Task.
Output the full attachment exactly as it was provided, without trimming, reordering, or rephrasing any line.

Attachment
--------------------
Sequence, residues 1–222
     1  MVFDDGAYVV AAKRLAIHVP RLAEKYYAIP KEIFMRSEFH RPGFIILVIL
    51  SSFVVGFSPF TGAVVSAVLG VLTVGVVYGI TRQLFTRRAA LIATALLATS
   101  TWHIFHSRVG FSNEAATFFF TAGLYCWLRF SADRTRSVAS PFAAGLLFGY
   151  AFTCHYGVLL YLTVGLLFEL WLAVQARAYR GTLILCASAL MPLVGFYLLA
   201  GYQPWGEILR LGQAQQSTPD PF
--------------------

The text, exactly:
Sequence, residues 1–222
     1  MVFDDGAYVV AAKRLAIHVP RLAEKYYAIP KEIFMRSEFH RPGFIILVIL
    51  SSFVVGFSPF TGAVVSAVLG VLTVGVVYGI TRQLFTRRAA LIATALLATS
   101  TWHIFHSRVG FSNEAATFFF TAGLYCWLRF SADRTRSVAS PFAAGLLFGY
   151  AFTCHYGVLL YLTVGLLFEL WLAVQARAYR GTLILCASAL MPLVGFYLLA
   201  GYQPWGEILR LGQAQQSTPD PF